Rough Guides was an early adopter of the inspirational format, publishing the first edition of Make the Most of Your Time on Earth in 2007. The fifth edition of the chunky, photo-packed paperback is out in September, touting experiences catering to a variety of tastes—hippo watching in the Bijagós Islands off the coast of Guinea-Bissau, gelato eating in Rome, and more.

Experienced travelers and others who are leery of the madding crowds will find plenty of alternatives in Go Here Instead, a September hardcover release from DK Eyewitness, which recommends lesser-known but equally enthralling swaps for popular locales and attractions. Fans of London’s Tate Museum, for instance, might want to check out the Zeitz Museum of Contemporary Art Africa in Cape Town, South Africa, while those yearning for the Norwegian fjords could try the ones in Patagonia, Argentina.

In a similar vein, Offbeat (Sept.) is Lonely Planet’s guide to the road less traveled. “People are considering the impact their visit might have on their travel destinations,” says LP publisher Piers Pickard. “They’re taking a step back, looking for interesting ideas. Offbeat suggests alternatives: if you’re interested in the Inca Trail, why don’t you consider Choquequirao?” also in Peru.

For others, even nailing down an activity is a lot right now. “They’ve had three years off, and the choices feel overwhelming,” Pickard says. “From being able to go nowhere, now they can go everywhere—and they don’t know where to start.” To the rescue: a new edition of Where to Go When, a trip planner for vacationers who know what time of year they’d like to travel, but not where to.

Compass mentis

Pickard notes that the publisher’s recently launched Experience series (the first books pubbed in March, with more coming out in the fall) is a move away from guidebooks that are “just about the sights—passive and observational—toward travel as an experience, as much about the food you eat and the people you speak to.” Like other publishers, LP is banking on the traveler’s hankering for beautiful content before the trip; The Islands Book (Oct.) is a large-format, high-end hardcover highlighting both the familiar and the less so: Sicily, for one, and also Codfish Island, New Zealand.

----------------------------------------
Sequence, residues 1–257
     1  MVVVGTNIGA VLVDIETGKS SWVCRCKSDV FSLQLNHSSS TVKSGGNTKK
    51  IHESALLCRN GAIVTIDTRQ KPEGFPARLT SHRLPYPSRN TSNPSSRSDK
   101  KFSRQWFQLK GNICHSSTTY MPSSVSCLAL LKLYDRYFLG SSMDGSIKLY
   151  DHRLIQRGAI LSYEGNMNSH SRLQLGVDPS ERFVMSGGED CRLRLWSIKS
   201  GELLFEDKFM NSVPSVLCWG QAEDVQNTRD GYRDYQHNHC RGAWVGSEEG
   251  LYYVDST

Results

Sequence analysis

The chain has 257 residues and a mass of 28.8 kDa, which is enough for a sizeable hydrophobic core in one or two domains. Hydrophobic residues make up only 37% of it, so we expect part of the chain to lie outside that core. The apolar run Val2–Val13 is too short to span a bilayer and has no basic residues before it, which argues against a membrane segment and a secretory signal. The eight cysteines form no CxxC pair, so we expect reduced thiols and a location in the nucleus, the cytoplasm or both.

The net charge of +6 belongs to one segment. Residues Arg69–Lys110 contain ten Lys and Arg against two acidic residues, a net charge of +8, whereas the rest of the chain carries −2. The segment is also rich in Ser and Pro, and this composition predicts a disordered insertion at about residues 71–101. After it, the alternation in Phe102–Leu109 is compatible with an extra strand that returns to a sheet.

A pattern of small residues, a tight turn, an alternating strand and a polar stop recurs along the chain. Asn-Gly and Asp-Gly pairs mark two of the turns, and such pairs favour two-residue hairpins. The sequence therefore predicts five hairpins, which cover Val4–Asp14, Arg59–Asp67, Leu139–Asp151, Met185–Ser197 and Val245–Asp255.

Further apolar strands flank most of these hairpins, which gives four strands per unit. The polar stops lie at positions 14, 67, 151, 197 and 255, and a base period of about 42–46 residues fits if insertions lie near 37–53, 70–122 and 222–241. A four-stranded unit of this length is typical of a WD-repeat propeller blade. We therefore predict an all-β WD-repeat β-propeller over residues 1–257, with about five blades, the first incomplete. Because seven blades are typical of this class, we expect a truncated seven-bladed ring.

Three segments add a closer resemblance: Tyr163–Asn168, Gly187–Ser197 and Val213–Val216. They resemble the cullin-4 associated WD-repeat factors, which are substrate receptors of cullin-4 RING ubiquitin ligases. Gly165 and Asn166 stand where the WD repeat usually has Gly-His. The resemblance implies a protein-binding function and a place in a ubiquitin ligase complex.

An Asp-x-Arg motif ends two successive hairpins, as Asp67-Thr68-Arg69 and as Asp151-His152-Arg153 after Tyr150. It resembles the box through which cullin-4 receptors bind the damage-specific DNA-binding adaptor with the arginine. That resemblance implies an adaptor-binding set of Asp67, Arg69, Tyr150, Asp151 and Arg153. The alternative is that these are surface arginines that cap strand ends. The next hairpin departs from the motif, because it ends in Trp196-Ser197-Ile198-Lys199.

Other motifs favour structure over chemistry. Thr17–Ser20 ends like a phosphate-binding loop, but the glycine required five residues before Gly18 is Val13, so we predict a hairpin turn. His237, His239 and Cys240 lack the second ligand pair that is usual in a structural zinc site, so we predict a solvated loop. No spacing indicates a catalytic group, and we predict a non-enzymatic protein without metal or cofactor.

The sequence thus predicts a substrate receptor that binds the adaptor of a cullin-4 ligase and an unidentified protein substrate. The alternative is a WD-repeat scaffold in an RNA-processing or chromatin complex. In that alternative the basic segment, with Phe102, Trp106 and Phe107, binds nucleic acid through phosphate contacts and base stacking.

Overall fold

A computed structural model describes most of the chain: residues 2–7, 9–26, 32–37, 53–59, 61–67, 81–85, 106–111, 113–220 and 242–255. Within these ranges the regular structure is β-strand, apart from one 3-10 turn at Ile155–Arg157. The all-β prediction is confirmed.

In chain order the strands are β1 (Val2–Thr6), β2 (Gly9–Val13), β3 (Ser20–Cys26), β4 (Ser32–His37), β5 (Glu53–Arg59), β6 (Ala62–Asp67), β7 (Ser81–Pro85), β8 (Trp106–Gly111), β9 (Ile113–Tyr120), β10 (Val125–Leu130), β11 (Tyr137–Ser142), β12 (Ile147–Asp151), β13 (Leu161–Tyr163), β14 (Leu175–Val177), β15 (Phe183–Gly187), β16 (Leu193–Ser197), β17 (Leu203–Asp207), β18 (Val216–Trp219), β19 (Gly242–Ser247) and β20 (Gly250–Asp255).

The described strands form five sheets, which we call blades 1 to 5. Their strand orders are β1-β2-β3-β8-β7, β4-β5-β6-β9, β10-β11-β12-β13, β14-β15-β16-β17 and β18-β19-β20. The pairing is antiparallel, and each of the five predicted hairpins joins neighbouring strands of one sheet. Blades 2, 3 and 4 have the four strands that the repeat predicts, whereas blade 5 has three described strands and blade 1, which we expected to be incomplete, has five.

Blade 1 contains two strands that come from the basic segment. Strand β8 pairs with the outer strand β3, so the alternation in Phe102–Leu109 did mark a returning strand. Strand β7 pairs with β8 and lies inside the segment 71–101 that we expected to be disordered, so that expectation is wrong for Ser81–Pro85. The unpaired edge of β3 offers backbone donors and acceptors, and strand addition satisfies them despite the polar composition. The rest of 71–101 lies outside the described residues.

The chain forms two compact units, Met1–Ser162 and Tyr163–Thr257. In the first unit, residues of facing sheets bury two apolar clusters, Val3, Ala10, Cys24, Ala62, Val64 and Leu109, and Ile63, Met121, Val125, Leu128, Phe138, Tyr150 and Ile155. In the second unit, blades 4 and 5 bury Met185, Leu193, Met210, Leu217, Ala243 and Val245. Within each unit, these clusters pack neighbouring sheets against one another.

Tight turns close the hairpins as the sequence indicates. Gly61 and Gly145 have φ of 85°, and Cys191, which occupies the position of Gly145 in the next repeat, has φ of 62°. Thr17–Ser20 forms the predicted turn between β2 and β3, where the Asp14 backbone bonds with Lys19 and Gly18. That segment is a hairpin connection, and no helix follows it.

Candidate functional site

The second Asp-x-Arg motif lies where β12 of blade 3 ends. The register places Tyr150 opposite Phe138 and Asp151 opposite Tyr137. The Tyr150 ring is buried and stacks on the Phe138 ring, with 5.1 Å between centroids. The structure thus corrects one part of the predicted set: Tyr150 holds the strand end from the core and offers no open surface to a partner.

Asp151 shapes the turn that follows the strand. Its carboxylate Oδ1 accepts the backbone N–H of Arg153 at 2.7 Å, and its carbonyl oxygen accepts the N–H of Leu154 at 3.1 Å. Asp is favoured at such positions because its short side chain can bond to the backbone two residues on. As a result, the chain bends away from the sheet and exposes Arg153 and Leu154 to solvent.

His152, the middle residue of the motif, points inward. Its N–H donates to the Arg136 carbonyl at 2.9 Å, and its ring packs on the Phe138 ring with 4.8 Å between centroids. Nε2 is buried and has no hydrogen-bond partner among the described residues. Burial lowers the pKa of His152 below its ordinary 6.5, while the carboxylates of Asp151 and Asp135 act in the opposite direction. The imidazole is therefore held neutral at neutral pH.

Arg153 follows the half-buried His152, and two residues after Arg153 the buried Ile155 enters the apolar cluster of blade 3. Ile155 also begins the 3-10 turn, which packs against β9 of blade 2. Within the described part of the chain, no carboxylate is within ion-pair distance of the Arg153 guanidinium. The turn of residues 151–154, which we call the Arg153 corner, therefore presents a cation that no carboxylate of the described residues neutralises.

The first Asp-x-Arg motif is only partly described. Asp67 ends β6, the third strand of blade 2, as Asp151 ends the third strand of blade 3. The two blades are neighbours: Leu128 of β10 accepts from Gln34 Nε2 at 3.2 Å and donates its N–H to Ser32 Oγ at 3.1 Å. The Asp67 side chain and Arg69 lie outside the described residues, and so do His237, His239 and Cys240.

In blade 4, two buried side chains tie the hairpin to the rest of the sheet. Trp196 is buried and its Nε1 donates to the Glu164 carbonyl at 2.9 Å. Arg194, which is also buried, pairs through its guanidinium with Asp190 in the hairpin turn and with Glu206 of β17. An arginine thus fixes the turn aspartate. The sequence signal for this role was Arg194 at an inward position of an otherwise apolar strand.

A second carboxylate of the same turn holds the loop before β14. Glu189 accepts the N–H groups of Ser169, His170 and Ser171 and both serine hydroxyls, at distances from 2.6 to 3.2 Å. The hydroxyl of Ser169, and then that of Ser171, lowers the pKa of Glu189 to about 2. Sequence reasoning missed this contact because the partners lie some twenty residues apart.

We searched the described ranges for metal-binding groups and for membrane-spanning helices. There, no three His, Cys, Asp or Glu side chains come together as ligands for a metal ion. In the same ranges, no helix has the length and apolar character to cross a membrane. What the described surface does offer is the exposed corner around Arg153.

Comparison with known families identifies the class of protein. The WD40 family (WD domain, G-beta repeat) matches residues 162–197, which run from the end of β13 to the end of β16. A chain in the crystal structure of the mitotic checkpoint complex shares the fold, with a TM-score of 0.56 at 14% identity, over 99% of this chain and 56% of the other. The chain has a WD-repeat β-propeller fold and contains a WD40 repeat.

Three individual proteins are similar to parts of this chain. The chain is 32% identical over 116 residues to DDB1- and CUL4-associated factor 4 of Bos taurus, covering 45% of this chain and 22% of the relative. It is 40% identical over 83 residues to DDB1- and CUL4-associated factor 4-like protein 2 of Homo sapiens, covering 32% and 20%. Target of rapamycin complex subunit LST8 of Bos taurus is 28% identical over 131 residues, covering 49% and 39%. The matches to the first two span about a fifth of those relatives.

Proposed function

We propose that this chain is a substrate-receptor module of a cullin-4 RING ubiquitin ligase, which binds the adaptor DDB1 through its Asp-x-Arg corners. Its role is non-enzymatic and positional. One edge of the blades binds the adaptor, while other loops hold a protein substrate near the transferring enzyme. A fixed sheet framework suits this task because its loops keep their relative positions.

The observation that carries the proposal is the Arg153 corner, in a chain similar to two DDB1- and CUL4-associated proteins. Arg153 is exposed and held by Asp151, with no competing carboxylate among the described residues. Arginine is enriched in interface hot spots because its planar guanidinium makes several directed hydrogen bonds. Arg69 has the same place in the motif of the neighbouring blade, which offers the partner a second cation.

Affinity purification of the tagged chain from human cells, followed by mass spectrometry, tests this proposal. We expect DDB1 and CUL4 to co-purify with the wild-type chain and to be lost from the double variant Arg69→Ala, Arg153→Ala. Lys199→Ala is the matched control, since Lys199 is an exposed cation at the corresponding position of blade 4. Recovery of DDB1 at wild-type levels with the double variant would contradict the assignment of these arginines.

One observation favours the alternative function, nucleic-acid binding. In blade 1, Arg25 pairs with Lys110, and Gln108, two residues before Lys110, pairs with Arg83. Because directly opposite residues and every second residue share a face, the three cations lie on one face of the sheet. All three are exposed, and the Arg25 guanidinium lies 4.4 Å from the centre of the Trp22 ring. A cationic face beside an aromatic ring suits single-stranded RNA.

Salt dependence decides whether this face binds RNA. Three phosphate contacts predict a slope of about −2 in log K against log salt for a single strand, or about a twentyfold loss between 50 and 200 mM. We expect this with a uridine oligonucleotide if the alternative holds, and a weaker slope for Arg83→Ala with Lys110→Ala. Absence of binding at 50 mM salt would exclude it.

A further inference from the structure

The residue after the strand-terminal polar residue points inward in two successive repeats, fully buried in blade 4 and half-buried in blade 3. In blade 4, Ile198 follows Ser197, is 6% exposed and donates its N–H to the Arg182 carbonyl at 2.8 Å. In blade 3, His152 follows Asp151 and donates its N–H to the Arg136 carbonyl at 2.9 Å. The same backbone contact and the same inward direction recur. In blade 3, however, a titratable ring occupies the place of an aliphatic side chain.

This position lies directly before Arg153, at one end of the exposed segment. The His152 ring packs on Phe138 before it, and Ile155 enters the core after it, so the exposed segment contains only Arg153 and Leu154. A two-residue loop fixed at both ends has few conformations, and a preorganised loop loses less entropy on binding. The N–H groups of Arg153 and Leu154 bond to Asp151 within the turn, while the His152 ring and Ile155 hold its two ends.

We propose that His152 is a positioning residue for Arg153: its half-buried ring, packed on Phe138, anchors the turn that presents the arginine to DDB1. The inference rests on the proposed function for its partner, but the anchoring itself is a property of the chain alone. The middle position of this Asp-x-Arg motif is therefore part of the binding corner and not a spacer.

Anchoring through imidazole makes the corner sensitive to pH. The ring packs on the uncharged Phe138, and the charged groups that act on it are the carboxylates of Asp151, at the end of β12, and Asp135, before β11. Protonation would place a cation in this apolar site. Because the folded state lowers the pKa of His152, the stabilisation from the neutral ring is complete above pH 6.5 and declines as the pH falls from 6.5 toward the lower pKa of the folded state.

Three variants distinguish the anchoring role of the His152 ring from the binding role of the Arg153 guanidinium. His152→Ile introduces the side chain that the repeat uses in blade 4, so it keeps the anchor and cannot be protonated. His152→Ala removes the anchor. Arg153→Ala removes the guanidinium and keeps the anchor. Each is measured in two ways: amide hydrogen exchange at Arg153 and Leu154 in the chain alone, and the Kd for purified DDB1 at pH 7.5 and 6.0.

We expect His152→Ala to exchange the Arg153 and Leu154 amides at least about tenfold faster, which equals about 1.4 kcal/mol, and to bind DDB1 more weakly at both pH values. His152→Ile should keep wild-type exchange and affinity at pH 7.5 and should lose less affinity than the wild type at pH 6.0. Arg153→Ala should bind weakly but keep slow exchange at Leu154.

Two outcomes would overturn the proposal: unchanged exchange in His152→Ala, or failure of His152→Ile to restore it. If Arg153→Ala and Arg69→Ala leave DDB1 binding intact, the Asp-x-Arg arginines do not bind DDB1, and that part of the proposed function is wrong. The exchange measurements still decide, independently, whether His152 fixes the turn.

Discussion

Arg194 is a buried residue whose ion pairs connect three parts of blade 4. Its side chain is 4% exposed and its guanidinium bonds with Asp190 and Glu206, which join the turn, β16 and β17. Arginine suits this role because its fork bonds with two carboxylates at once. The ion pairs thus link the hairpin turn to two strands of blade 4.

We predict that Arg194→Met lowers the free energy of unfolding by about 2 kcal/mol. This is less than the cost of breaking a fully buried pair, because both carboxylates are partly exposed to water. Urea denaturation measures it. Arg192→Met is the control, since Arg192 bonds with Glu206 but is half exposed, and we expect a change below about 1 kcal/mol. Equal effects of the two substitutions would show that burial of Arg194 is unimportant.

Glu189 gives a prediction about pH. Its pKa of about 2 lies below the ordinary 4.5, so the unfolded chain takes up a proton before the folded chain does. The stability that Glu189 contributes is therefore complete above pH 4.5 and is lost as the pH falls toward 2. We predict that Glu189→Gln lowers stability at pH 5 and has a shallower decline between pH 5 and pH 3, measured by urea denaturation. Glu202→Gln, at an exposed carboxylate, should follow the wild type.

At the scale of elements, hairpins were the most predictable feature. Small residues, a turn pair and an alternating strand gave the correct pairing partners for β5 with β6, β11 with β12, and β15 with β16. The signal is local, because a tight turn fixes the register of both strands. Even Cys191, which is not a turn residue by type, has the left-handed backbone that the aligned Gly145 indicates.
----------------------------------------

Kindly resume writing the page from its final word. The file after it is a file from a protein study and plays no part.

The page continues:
Other books speak to hobbies and passions rather than destinations. The recently released BuzzFeed: Bring Me! by Louise Khong and Ayla Smith (Running Press), named for the platform’s travel vertical, compiles atypical attractions in even the most popular destinations. Readers looking to expand their activity repertoires can visit a pop-up sculpture garden on a Sydney beach, drive go-karts across the streets of Tokyo, and kayak through a glow-in-the-dark bay in Puerto Rico.

In November, National Geographic will release Joe Yogerst’s 100 Cities, 5,000 Ideas, his latest compendium of fast facts and tantalizing tourist to-dos. Such titles, says Johnson at NatGeo, are “more about the experience, less about the bucket list.” For instance, because “food is an insight into culture,” books on culinary travel remain staple fare. The second edition of the publisher’s Food Journeys of a Lifetime, a heavily illustrated hardcover, is out in October; the first edition, from 2009, has sold 42,000 print copies.

The quick-hit offerings in these books “are more bite-size,” NPD’s McLean says. “The listicle format is easier to read. My family tends to travel with printed guide books, but I have less of an appetite to read them thoroughly or all the way through now.” Travel publishers, with their best-of, go-here, and don’t-miss books, are betting that others feel the same way.

Liz Scheier is a writer, editor, and product developer living in Washington, D.C., and the author of the memoir Never Simple (Holt).